Leadership Lessons Introduction

Business Is A Human Endeavor

We are thoroughly trained and highly skilled at manipulating numbers, developing strategy, creating financial controls, perfecting the delivery of service. These competencies are the things we know how to teach, how to measure, how to affect, how to control. Yet, what awaits us in this global marketplace and time of rapid change is what business thinker and author Thomas Teal describes as finding our way out of The Dark Ages of management. And finding our way out requires that we teach people how to become great managers and leaders, somehow unleashing and instilling capacities of courage, integrity, humility, self-confidence, and wisdom. It is developing the ability to see that business is a human endeavor—an endeavor that is messy, most times unpredictable, can no longer be controlled, manipulated, bribed or contained. A human endeavor requires a different skill set that is as comfortable with emotion as analytics, with spontaneity and the unknown as it is with control.

Leadership Is Not A Style But A Series Of Personal Choices

Much in the same way that Abraham Maslow studied self-actualized people, I sought to identify and study leaders who could help us learn the necessary choices we must personally make in order to become more effective in managing and leading a human endeavor. I recalled the knowledge gained at 3M where it was discovered that the great managers learned from interaction and dialogue with colleagues, from inspirational stories and from experience, not necessarily from formal classroom training.

It against this backdrop that I began to review the many leaders I’ve been fortunate enough to work with and learn from. Whether it was in the boardroom or the mailroom, the corporate cubicle or government chamber, on the field of sports or in the community, I’ve searched for those whose personal choices can help us understand and embrace the essence of leadership.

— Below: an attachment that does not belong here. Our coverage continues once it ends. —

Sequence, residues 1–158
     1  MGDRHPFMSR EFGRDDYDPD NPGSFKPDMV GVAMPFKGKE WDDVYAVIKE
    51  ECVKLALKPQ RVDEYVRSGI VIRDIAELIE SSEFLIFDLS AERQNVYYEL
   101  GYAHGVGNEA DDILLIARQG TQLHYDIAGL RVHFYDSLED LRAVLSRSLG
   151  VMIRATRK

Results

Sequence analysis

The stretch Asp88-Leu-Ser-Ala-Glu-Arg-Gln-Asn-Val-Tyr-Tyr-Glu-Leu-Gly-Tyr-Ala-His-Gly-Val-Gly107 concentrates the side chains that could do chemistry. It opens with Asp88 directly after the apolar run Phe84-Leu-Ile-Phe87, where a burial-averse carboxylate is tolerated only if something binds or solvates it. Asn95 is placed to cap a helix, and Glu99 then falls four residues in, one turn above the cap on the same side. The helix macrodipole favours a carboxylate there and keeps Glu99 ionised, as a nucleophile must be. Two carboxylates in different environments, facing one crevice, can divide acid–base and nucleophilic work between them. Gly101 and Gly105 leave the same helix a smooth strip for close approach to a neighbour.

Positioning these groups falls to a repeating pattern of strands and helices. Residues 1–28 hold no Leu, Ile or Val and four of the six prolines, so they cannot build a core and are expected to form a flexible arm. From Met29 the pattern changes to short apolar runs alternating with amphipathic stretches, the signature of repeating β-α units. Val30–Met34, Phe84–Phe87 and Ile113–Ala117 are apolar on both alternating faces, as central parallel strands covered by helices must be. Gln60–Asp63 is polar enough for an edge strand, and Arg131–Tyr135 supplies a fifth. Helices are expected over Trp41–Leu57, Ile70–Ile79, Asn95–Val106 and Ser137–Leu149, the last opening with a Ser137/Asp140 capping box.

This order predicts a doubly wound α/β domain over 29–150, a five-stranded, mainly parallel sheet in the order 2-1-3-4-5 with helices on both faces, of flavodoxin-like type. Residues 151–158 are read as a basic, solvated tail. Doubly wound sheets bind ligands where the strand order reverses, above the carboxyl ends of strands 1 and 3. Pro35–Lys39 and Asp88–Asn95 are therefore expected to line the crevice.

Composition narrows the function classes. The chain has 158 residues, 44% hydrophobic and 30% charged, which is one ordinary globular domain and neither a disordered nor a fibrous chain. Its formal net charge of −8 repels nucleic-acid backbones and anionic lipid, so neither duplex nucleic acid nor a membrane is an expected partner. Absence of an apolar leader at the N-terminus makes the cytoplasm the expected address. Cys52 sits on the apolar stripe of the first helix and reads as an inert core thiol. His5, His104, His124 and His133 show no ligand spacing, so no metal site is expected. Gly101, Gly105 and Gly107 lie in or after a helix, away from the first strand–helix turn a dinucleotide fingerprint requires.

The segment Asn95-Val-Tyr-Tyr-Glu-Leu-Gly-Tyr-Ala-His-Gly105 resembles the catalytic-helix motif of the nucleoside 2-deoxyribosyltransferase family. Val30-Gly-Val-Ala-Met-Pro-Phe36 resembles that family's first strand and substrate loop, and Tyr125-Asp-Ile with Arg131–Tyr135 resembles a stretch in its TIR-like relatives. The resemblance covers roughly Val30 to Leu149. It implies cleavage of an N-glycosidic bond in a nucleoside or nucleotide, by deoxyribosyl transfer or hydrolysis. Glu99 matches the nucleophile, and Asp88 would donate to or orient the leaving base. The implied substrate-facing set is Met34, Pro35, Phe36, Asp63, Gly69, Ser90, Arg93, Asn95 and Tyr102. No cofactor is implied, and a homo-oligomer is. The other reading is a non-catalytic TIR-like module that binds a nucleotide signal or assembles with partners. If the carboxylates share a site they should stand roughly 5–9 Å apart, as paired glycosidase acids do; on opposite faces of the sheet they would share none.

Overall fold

When headlines scream corruption, ethic violations, cheating on the field, insider trading and lapses of integrity, the great leaders of our time are often lost in a sea of media that favors what is wrong with the world and discards what is right. Yet these people do exist among us and they have much to teach us. From them we can learn how their personal choices have influenced how they interact with others, how they see the world, how they have chosen to conduct themselves in work and in life.

The following leadership lessons are in draft form and I welcome your critiques, comments, insights or any other information you would like to pass along. I encourage you to use the lessons with your teams and work groups as a tool to engage in important dialogue. In the future, I hope to develop workplace discussion questions for each lesson. If you use the lessons in your workplace, please let me know how you use them and what questions might be helpful to other executives. If you have your own personal stories of leadership and would like to share them, please feel free to send them to me. You may reach me via email: Deborah@ DeborahStephens.com I look forward to hearing from you.

Best Regards,

Deborah C. Stephens